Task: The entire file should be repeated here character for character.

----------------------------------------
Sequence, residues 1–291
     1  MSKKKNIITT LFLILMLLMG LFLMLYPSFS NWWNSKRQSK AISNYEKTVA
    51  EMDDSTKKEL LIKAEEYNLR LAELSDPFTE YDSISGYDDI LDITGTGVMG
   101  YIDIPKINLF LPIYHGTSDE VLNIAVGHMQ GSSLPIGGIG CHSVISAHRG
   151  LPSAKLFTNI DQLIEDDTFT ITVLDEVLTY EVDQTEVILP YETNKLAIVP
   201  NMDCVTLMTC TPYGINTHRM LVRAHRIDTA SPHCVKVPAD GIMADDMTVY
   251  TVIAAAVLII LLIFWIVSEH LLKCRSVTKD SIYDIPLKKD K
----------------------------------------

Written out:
Sequence, residues 1–291
     1  MSKKKNIITT LFLILMLLMG LFLMLYPSFS NWWNSKRQSK AISNYEKTVA
    51  EMDDSTKKEL LIKAEEYNLR LAELSDPFTE YDSISGYDDI LDITGTGVMG
   101  YIDIPKINLF LPIYHGTSDE VLNIAVGHMQ GSSLPIGGIG CHSVISAHRG
   151  LPSAKLFTNI DQLIEDDTFT ITVLDEVLTY EVDQTEVILP YETNKLAIVP
   201  NMDCVTLMTC TPYGINTHRM LVRAHRIDTA SPHCVKVPAD GIMADDMTVY
   251  TVIAAAVLII LLIFWIVSEH LLKCRSVTKD SIYDIPLKKD K